Be­fore pri­mary sea­son, a race for the gold

GOP pres­i­den­tial hope­fuls jockey for mega-donors’ sup­port, which can keep them run­ning far longer.

Los Angeles Times - - FRONT PAGE - By Lisa Mascaro and Noah Bierman

WASH­ING­TON — Not many peo­ple can prompt New Jer­sey Gov. Chris Christie to apol­o­gize for his word choices or get for­mer Florida Gov. Jeb Bush to dis­tance him­self from a fam­ily loy­al­ist.

But Shel­don Adel­son, the bil­lion­aire casino mag­nate, has done both.

The oc­to­ge­nar­ian’s power is in his money — and in his demon­strated will­ing­ness to spend it freely to make or break po­lit­i­cal cam­paigns. He is among a grow­ing, but still elite, group of very big-dollar donors who can do­nate enough to keep an en­tire pres­i­den­tial cam­paign vi­able, even in the face of voter re­jec­tion.

Com­pe­ti­tion for the high rollers is so fierce among this year’s un­usu­ally large Repub­li­can field that it has cre­ated a race within the race: the wealthy donors pri­mary, a model that has eclipsed the tra­di­tional pres­i­den­tial cam­paign struc­ture. Now, pres­i­den­tial hope­fuls vie for the back­ing of mil­lion­aires and bil­lion­aires long be­fore a pri­mary vote is cast — and that money and sup­port will em­power them to stay in the race fur­ther into pri­mary sea­son, per­haps right up to the na­tional con­ven­tion.

It may as well be called the Adel­son Pri­mary — not to be con­fused with the Koch Broth­ers Pri­mary, the Nor­man Bra­man Cau­cus or the Larry El­li­son Event. The in­dus­tri­al­ist broth­ers, the south Florida car dealer and the tech en­tre­pre­neur, re­spec­tively, have all but guar­an­teed big pay­offs to one or more can­di­dates.

“The race for the bil­lion­aires — it’s changed ev­ery­thing,” said Sen. Lind­sey Gra­ham (R-S.C.), who an­nounced his own pres­i­den­tial bid last week in a still­grow­ing field.

In pre­vi­ous pres­i­den­tial cam­paigns, be­fore the age of the mega-donor, “money tended to track re­sults,” said

Tom Rath, a long­time Repub­li­can strate­gist in the early pri­mary state of New Hamp­shire. A victory or a strong show­ing in an early pri­mary or cau­cus would in­di­cate le­git­i­macy, drawing donors and me­dia at­ten­tion, he said.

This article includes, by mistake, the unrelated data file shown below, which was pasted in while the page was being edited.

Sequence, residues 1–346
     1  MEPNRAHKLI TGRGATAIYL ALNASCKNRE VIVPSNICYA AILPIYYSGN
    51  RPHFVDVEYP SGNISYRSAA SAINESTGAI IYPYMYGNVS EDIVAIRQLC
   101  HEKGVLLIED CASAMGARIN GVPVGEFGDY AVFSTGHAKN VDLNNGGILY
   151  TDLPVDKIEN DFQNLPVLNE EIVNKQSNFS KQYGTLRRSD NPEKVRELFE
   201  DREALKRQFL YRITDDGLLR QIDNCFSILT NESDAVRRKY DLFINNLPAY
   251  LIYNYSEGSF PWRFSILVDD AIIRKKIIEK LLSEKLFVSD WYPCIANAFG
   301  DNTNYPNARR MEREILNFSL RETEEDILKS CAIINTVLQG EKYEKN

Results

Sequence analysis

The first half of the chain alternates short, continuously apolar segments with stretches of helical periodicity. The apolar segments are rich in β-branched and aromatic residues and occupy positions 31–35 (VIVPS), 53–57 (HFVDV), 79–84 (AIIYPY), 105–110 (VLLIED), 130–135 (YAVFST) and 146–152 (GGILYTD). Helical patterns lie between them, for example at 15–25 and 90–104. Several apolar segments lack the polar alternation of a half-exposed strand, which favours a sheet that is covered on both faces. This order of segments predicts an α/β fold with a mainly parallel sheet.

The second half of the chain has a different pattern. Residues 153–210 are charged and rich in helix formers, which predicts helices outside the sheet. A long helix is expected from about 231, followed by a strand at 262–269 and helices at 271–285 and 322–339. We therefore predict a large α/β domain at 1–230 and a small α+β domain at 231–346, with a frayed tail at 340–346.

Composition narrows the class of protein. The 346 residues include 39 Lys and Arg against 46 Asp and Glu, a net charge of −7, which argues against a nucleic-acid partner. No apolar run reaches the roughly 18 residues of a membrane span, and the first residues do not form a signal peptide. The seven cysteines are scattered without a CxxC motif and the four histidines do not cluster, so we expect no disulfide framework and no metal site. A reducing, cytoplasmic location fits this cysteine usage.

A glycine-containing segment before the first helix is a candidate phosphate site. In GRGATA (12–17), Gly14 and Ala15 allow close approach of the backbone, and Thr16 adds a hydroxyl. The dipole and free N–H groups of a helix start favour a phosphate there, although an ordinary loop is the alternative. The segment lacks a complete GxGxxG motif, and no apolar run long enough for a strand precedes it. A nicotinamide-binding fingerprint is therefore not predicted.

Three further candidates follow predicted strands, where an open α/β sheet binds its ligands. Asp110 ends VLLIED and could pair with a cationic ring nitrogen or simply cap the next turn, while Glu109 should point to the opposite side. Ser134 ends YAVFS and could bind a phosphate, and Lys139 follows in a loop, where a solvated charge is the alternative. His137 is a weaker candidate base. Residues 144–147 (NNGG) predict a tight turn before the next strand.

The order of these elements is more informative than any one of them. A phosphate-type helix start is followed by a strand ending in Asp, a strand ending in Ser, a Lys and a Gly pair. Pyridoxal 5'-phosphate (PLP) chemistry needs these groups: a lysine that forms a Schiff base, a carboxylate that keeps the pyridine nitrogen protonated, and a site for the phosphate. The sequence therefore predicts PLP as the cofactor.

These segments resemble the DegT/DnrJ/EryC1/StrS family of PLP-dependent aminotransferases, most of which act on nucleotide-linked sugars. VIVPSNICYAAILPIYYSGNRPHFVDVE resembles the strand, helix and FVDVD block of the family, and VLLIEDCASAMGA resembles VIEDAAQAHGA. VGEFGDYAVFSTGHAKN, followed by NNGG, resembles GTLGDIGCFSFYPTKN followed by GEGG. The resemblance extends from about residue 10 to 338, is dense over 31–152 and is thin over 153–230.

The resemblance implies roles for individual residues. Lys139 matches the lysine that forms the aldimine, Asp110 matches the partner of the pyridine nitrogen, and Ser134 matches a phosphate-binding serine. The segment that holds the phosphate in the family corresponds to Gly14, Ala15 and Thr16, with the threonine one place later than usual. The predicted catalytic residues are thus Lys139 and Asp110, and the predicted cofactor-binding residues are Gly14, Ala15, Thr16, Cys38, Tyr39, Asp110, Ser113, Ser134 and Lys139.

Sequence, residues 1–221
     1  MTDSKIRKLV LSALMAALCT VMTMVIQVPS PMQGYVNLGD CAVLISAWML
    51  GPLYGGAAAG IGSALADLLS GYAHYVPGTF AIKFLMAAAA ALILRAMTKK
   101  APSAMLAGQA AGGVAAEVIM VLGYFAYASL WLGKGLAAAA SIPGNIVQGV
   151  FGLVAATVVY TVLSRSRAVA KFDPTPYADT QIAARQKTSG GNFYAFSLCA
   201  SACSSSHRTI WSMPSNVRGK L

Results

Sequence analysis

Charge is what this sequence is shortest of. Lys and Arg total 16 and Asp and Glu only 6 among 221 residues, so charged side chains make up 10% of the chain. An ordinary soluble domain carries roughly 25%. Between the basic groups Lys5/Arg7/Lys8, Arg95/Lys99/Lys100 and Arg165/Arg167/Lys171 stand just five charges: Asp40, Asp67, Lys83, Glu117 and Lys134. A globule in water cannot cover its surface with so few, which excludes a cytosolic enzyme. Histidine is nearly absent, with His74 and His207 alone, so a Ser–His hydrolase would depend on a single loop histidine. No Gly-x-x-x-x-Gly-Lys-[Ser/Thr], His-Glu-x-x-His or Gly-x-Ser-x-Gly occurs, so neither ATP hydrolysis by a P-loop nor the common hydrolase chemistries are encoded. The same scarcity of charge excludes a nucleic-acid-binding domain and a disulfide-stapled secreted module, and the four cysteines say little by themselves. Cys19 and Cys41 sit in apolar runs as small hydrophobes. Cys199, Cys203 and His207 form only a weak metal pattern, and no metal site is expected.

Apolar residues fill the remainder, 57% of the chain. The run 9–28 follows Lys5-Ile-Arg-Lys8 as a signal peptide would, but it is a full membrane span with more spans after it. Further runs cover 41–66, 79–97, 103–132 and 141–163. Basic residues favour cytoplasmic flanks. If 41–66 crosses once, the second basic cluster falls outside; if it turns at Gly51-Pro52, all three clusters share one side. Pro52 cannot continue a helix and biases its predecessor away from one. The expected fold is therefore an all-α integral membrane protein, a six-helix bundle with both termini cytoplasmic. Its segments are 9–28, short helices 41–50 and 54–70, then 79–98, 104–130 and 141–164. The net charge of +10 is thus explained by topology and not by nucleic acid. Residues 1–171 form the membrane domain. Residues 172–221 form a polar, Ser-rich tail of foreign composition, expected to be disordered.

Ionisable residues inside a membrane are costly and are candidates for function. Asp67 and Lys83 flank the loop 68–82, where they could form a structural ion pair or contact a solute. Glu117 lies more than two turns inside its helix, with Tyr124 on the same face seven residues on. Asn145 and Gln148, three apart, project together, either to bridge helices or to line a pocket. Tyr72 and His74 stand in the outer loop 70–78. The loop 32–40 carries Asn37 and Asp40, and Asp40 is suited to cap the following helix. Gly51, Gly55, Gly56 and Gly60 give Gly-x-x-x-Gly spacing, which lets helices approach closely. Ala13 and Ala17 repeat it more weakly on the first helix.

Then, in 2012, Adel­son spent $15 mil­lion through a “su­per PAC” to keep for­mer House Speaker Newt Gin­grich in the race for the Repub­li­can nom­i­na­tion for pres­i­dent long af­ter other back­ers and vot­ers had moved on. Such po­lit­i­cal pa­tron­age was novel then, as the im­pli­ca­tions of rapidly weak­ened en­force­ment of cam­paign fi­nance rules were still be­ing ex­plored.

Now, big-money back­ers are al­most re­quired for po­lit­i­cal sur­vival. This year, nearly ev­ery can­di­date in the Repub­li­can field — which could ex­ceed 20 peo­ple — is seek­ing a pa­tron. And they have shown lit­tle shame in grov­el­ing.

“Send some my way!” said Gra­ham, only partly in jest. For his own long-shot bid, Gra­ham drew the back­ing of bil­lion­aire in­vestor Ron­ald Perel­man.

Can­di­dates have been reg­u­larly parad­ing in front of Adel­son, of­ten at fo­rums for small groups of like­minded donors at one of his Las Ve­gas re­sorts.

Christie apol­o­gized to Adel­son af­ter re­fer­ring dur­ing one of those meet­ings to the “oc­cu­pied ter­ri­to­ries” — a com­monly used term for the West Bank and East Jerusalem, but one that con­ser­va­tive sup­port­ers of Is­rael like Adel­son ab­hor.

Like­wise, Jeb Bush moved to dis­tance him­self from a long­time fam­ily friend, for­mer Sec­re­tary of State James A. Baker III, who had crit­i­cized Is­raeli Prime Min­is­ter Benjamin Ne­tanyahu.

Adel­son has yet to pick a can­di­date this year. Sen. Ted Cruz (R-Texas) won pos­i­tive re­views from at­ten­dees at one of the events, ac­cord­ing to those familiar with the gath­er­ing, though oth­ers say Adel­son has been eye­ing Sen. Marco Ru­bio of Florida.

That would be a coup for Ru­bio, who al­ready has the back­ing of Bra­man, a long­time sup­porter who has in­di­cated he is likely to spend mil­lions.

“I’m com­mit­ted to pro­vide very sub­stan­tial sup­port,” Bra­man, for­mer owner of the Philadel­phia Ea­gles, said in an in­ter­view days be­fore Ru­bio an­nounced his can­di­dacy. Bra­man has been close to Ru­bio for years and hired the se­na­tor’s wife, Jeanette, to han­dle his fam­ily’s char­i­ta­ble giv­ing.

Back­ers of Sen. Rand Paul (R-Ky.), who has yet to sign up a mega-donor, are hope­ful his re­cent fil­i­buster­like at­tempt to shut down gov­ern­ment sur­veil­lance op­er­a­tions will land him a bil­lion­aire.

He shouldn’t have much trou­ble.

“The one thing I can tell you is, there are more bil­lion­aires than you think,” Gra­ham said. Still, he be­lieves no can­di­date can win the nom­i­na­tion with­out shak- ing the hands of vot­ers and at­tend­ing house par­ties in the early pri­mary states.